A takeaway from SNC-Lavalin: Long leashes are dangerous

As charges levelled at former executives of SNC-Lavalin work their way through courts around the world, the corruption scandal that rocked investor confidence in the Montreal-based engineering giant appears to be a story that just keeps on giving, at least to journalists. The market, however, has already started to focus on the company’s future potential under new management.

SNC’s shares didn’t perform as well as its peers in 2013, but as the Globe and Mail pointed out earlier this year, the company’s stock price still gained more than 20 per cent, outpacing the S&P/TSX Composite. As CIBC analyst Paul Lechem told Globe reporter David Milstead, SNC shareholders should benefit from the reforms being made under the current leadership of Robert Card because it was previously run “with little coordination between divisions, and little centralized management, systems and control,” which led “not only to operating inefficiencies, but also to the corruption and project control issues that the company now faces.”

That isn’t just good news for investors—it is the lesson that needs to be remembered when everything related to this scandal has been said and done. After all, SNC’s decentralized management wasn’t a fluke. It was purposely put in place by former CEO Jacque Lamarre, who believed in long leashes, at least until they strangled the stellar reputation that SNC developed under his leadership.

Lamarre retired in 2009 after delivering shareholders a 1,486 per cent return during his 13 years at the company helm. I respect his abilities. In fact, I was part of a team of journalists at Canadian Business magazine who named him CEO of the Year in 2003, when he explained to me why he liked long leashes. He grew up with one. Indeed, as long as he performed well in school, his father didn’t ask what he was up to at night. “I was a good student, so I was completely free,” he said. “By the time I was 16, I was living on my own in Quebec City with nobody expecting any reports except for good grades.”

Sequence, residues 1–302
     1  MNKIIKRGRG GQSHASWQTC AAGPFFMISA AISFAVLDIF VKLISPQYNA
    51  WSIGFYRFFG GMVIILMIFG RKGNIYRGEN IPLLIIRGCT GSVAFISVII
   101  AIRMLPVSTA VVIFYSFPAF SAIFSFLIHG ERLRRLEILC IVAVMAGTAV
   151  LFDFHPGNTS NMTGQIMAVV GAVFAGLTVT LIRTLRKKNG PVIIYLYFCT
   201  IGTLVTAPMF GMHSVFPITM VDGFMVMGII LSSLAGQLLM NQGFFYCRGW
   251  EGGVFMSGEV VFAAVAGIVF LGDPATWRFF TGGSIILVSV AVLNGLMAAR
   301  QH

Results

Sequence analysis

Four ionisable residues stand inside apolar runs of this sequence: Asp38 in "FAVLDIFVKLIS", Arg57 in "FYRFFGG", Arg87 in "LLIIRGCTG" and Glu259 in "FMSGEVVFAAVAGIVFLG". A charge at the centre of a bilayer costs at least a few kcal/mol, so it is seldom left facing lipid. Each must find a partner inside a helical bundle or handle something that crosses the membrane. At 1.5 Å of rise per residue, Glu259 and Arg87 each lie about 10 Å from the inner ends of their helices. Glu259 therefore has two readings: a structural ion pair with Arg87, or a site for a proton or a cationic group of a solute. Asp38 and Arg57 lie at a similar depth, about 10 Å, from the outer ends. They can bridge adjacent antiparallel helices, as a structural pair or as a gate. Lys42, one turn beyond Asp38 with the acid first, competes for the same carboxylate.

Trust is a good thing. But as noted at a recent Ivey Idea Forum featuring Steve Jacobs, author of The Behavior Breakthrough: Leading Your Organization to a New Competitive Advantage, right behaviour doesn’t just follow when a leader puts in place the right strategy. A culture that supports right behaviour needs to be developed and reinforced. And to do that, management needs to know how deals are getting done. This is particularly important when conducting business in environments that support corruption.

As a CEO, Lamarre wasn’t blind to the ethical challenges that come with competing for business in some parts of the world. As an executive with Lavalin in the early 1980s, he reluctantly agreed to acquire a polar bear for an Algerian military commandant in order to maintain a good relationship with a key business contact. “They come in pairs,” he told me in 2007. “So I got two bears. After that, I don’t know what happened, but one bear slipped, broke its hip and had to be killed.” The Algerian contact ended up with a polar bear skin instead of prize stock for a zoo, but the relationship thrived.

Despite this experience, not to mention the corporate governance movement that followed, Lamarre told me he that he didn’t care to know the details if something went well at SNC, which was especially risky since 50 per cent of total compensation for SNC group leaders was linked to the performance of the divisions they run. As an outdated company history notes, Lamarre “put his trust” in his people and was rewarded with “a more profitable and integrated company.” Unfortunately, the history of SNC now needs to be updated.

Nobody should be shocked by what takes place in the name of business in parts of the world where corruption is a daily part of business, particularly when buying influence takes place every day to varying degrees in our own back yard. As one mining executive told me, “there are certain unavoidable facts of life when doing business in other countries and breaking rules, or bending them, is one of them since the only realistic alternative is often not getting any business done.” Big cash payments probably happen less than cynics think. But things like tipping a local cop to avoid a hassle or handing something shiny to a port official so your load of produce doesn’t rot in a ship’s hold happen relatively frequently.

The question is where to draw the line. And the only effective answer to that question must come from the corner office.

Leashes can be uncomfortable and constraining, but they serve a purpose to keep behaviour inside what is considered acceptable.